Re: [GAdetection] Re: "Locked Room" mysteries
- No, I was the one who both suggested and disliked 7 Merveilles.
Long live Meyerbeer forever! "Pour cette cause sainte, j'obéirai sans crainte, à mon Dieu, à mon roi!"
--- On Sat, 31/5/08, pugmire1 <pugmire1@...> wrote:
From: pugmire1 <pugmire1@...>
Subject: [GAdetection] Re: "Locked Room" mysteries
Received: Saturday, 31 May, 2008, 12:54 PM
Much depends on the definition of "island". Is it only water that can
create an island? What if the water has turned to ice? Why not
unmarked snow, mud, or sand around the deceased?
Carter Dickson's "The White Priory Murders" (1934) has a body in a
pavilion surrounded by water which has turned to ice and then been
covered by snow. If you allow an expanse of unmarked snow to take the
place of a river or sea, then G.K.Chesterton' s "The Dagger With Wings"
(1926) would qualify as perhaps the earliest island story with a caped
figure found languishing far from any human imprint.
If you allow an expanse of unmarked mud to qualify, then the fifth and
sixth impossible crimes in Paul Halter's "Les Sept Merveilles du Crime
(The Seven Wonders of Crime)" (1997) are of interest. In the former
case the victim is found dead of thirst in a cabin in the middle of a
sea of dried mud with an untouched carafe of water by his side; in the
latter the victim is found stabbed to death under a pergola surrounded
by wet mud from recent rain (although in this case the victim's
footprints were present, so perhaps not a pure `island' puzzle).
Moving on to expanses of unmarked sand, Carter Dickson's "Death by
Invisible Hands" (1958) has a deceased damsel wearing a scarf on an
unmarked beach (one of several iterations of this story). In Halter's
"Le Chemin de la Lumiere (The Path of Light)," (2000) set in Ancient
Crete, the deceased is found in a pavilion surrounded by unmarked sand.
If there absolutely has to be water all the way round, then of course
Agatha Christie's "And Then There Were None" (1939) is a classic
(although the murderer didn't actually come from the outside). Paul
Halter set his "Le Cercle Invisible (The Invisible Circle)" (1996) on
a peninsula cut off from the mainland by a fallen bridge, creating a
setting very similar to that of Dame Agatha's masterpiece. The first
murder in Halter's "The Seven Wonders of Crime" is, as Xavier says,
set in a lighthouse surrounded by a ferocious sea (I have to say the
friends to whom I have lent the translation are not as disappointed
with the solution as was Xavier).
The most extraordinary island mystery of all, however, must surely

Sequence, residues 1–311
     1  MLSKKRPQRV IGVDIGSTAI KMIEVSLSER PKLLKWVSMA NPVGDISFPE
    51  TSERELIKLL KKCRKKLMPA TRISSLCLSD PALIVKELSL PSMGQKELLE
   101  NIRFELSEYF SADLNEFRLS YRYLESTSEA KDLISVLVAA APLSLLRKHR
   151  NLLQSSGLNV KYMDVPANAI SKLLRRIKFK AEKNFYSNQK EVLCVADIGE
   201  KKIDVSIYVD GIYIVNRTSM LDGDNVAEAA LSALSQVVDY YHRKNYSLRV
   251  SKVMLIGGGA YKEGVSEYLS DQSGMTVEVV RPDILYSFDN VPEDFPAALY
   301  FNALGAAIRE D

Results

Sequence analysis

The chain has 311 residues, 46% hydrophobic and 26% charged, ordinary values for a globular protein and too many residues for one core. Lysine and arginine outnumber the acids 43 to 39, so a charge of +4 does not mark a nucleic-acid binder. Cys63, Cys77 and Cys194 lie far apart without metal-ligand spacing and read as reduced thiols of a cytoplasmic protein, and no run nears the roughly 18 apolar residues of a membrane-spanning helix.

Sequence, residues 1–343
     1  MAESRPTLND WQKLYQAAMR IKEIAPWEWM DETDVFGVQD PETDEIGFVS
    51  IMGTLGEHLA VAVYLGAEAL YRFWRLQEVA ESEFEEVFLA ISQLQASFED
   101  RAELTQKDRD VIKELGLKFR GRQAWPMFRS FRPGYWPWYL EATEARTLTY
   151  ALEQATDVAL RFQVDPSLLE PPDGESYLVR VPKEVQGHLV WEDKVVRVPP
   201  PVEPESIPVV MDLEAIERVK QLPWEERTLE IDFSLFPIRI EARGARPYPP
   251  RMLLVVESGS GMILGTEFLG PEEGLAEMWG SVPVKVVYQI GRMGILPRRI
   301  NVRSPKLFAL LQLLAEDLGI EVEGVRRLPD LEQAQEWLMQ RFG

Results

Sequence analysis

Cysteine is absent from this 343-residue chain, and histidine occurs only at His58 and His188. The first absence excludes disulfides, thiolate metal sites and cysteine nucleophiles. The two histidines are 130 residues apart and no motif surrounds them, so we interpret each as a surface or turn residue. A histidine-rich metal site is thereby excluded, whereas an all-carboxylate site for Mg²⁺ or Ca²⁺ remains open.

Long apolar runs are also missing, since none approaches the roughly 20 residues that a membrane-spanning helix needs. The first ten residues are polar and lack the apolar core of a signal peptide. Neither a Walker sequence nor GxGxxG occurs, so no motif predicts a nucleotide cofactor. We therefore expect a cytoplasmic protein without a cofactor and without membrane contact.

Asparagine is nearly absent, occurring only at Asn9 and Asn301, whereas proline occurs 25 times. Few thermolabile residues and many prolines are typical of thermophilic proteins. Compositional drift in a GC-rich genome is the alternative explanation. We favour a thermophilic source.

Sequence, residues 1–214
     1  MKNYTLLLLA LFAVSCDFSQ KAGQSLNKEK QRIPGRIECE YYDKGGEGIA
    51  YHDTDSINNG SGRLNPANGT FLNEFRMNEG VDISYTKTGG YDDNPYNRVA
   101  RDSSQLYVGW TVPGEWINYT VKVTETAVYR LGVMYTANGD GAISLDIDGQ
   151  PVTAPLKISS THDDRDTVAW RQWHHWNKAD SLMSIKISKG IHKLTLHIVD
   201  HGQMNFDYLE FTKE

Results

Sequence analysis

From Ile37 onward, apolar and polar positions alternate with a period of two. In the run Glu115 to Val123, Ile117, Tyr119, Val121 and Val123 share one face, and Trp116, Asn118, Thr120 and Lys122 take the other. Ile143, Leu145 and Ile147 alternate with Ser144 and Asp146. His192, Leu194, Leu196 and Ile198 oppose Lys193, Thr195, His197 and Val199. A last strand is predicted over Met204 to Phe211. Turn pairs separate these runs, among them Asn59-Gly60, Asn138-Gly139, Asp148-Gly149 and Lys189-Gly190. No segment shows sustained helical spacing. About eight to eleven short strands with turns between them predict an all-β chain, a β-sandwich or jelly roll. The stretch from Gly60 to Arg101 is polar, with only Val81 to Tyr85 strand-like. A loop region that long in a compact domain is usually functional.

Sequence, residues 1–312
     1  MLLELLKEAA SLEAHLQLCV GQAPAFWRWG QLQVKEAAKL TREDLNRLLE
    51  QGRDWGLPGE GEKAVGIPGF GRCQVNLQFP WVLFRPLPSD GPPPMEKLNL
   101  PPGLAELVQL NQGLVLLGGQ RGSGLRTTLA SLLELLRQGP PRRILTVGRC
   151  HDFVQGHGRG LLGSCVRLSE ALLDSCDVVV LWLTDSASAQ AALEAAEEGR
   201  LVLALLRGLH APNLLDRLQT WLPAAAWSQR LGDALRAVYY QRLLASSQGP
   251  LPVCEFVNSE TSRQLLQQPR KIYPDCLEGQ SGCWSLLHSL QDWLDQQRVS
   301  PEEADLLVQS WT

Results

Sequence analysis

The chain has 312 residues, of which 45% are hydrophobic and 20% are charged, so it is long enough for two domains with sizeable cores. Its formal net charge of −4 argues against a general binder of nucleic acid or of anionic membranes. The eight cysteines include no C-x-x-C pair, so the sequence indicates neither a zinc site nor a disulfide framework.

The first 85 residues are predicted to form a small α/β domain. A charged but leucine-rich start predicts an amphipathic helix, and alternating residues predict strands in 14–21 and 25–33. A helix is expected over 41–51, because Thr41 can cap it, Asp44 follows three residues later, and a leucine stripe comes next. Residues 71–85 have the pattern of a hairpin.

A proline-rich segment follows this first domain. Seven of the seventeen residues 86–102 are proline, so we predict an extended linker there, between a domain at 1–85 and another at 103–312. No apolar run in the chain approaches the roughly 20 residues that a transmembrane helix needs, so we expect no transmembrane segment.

have been set by Halter in his "Le Tigre Borgne (The One-Eyed Tiger)"
(2004), set in India in the British Raj of the 1870's. A prince's life
has been threatened and he is due to die at midnight. He has taken
refuge in a room at the top of his palace set in a crocodile-infested
lake. There is no window in the room except for a viewing aperture
three feet wide and one foot high. His only companion is a pet rat.
The room is accessed from a courtyard guarded by a baby elephant, but
to reach it one must pass through three doors, the first of which is a
massive external door whose bolts are so stiff the strongest man can
neither knock it down nor move the bolts by reaching through the tiny
side window. At the top of the stairs is an ante-chamber, also with a
locked door. Finally, the internal bronze door to the prince's room
has a lock for which only one copy of the key exists, which is always
on the royal person.
A squad of hand-picked royal guards patrols the perimeter of the
palace at a frequency which makes it impossible to climb the sheer
walls of the palace without detection. A larger squad patrols the
banks of the lake. And, just in case all the foregoing is too easy,
there's another tower thirty feet away in the lake, from the top of
which a limited view into the prince's room is possible. A witness
perched there sees a scuffle between two figures, one of which then
vanishes, and the prince's body is found with a knife in its back
shortly thereafter. Every door is, of course, locked on the inside.
Hint: The butler didn't do it. Neither did the tea-wallah.
--- In GAdetection@ yahoogroups. com, "vegetableduck" <cjevans@... > wrote:
> I'm rather intrigued with this idea, expressed in "The Lighthouse"
> review, that an island can be a "locked room." To be technically
> accurate, that means the novel would have to revolve around an island
> where a murdered person is found and it's believed there was no way
> for anyone to have gotten on the island to commit the murder. Has
> there ever been a book like that?
Get the name you always wanted with the new y7mail email address.
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